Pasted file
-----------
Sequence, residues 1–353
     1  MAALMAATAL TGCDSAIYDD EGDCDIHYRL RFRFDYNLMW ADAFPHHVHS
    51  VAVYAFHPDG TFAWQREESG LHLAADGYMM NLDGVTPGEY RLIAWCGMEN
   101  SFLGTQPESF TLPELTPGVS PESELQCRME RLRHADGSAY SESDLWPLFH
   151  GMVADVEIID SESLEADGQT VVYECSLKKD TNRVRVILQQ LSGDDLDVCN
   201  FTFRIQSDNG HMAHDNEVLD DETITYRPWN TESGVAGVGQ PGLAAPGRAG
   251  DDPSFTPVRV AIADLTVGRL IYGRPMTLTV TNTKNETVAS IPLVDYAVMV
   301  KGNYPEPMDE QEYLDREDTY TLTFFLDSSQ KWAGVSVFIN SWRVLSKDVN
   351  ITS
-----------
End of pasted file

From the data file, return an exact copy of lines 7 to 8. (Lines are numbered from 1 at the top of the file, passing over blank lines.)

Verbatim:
   251  DDPSFTPVRV AIADLTVGRL IYGRPMTLTV TNTKNETVAS IPLVDYAVMV
   301  KGNYPEPMDE QEYLDREDTY TLTFFLDSSQ KWAGVSVFIN SWRVLSKDVN